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A Procedure Centered in the Person

Mexico’s New Law Grants Full Legal Capacity, Ends Guardianship

Published in: EL PAIS
A man is in a coma. © Getty Images

Gustavo Cerati, a rock Argentinian icon, had a stroke after a concert in Venezuela in 2010. He fell into a coma but was kept alive by an artificial ventilator for four years before passing away at age 55. Cerati is frequently referred to by legal experts as an example of what to do from a legal standpoint if a person’s will and preferences are unknown.

Cerati hadn’t indicated whether he wanted life support, what to do with his real estate, or how to administer his music businesses. He left no advance directives to determine what to do if he couldn’t express his will.

If Cerati had been living in Mexico, before Congress passed the new National Civil Procedure Code on April 24, he would have been placed under guardianship, meaning that someone else would decide everything for him. But Mexico now recognizes full legal capacity for everyone 18 or older and the right to supported decision-making.

The new code regulates that a judge can appoint a support person in cases where there is no way of knowing - by any means available - the will and preferences of the person concerned, like in Cerati’s case.  

That means that now, someone close to Cerati, like his mother, girlfriend or even a friend, could appear before a civil or family judge and ask to be appointed as a support person to help make decisions. You might be wondering how this differs from guardianship. Isn’t this procedure the same as the one Mexico already had? No, not quite.

Under the new National Civil Procedure Code, the judge would have to make sure there are real, considerable, and pertinent efforts to determine Cerati’s will and preferences, including by providing reasonable accommodation or using alternative means of communication before appointing a person. There may be situations where someone might believe the person cannot convey their wishes at all, but they can with alternative means of communication.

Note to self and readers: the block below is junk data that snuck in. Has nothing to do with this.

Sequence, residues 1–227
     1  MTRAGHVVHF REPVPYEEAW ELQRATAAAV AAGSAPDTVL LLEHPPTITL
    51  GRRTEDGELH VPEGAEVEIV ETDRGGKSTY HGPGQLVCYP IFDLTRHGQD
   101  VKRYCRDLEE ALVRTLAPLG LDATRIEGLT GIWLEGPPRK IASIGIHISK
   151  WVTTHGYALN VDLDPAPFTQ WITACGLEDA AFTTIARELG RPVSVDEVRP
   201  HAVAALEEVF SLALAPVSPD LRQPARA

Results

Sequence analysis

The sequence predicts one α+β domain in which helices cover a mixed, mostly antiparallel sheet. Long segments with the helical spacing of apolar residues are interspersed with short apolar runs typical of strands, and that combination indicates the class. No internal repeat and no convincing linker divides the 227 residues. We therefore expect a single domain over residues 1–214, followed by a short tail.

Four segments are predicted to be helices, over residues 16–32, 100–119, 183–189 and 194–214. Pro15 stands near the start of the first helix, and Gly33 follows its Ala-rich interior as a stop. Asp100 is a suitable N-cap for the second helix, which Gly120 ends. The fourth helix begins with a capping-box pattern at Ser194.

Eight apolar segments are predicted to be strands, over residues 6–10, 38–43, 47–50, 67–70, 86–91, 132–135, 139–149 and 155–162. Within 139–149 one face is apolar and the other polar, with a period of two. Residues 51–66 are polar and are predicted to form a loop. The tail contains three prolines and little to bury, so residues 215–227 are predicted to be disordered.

Respect for the will and preferences of the person concerned is the overarching principle governing the code approved by Congress this week. This is a monumental shift away from the “best interests” standard, in which someone else decides on behalf of the person, under the guardianship rules.

After the judge is sure there are no available means to determine Cerati’s will and preferences, the judge would appoint a support person—someone who had a close relationship with Cerati, based on trust, friendship, care, or kinship.

The judicially appointed support person is required by the approved code to always act according to the best interpretation of the will and preferences of the person concerned, based on relevant known sources of information. Such sources would include Cerati’s mother, children, girlfriend, and members of his rock band; his life story, values, traditions, and beliefs; and previous manifestations of his will and preferences in other contexts.

The judge and the appointed support person would have the ongoing duty of ensuring Cerati could manifest his will and preference. If he recovered from his coma, he would be immediately entitled to discontinue, modify, or endorse any support provided.

People close to Cerati would be authorized to appear before the judge and question the appointed support person if they had reason to believe the support person was not acting on the best interpretation of Cerati’s will and preferences. The judge would have to listen to the information and rule accordingly to ensure Cerati’s will and preferences are honored. This is a far cry from what would have happened prior to the reform, where Cerati would have been stripped of all decision-making power and reduced to an object rather than someone who has rights.

If the person can express their will and preferences, the substantive civil codes, which are not yet in line with international law, would be applicable. The states’ civil legislative framework requires further reforms, like the one currently under discussion in Mexico City’s Congress, to completely harmonize Mexico’s legislation with international human rights law. This is an essential step forward. These state civil codes need to establish how supported decision making will operate, as well as safeguards to prevent abuse and undue influence. The reform will not be fully finished until the states move forward. Now that the Federal Congress has abolished guardianship, they need to do it.

Any of us could at some point be in the same position Cerati was. If so, we would almost certainly prefer to have someone who knows us well follow our wishes. As Cerati said in one of his concerts in 2007: Let’s go Mexico!

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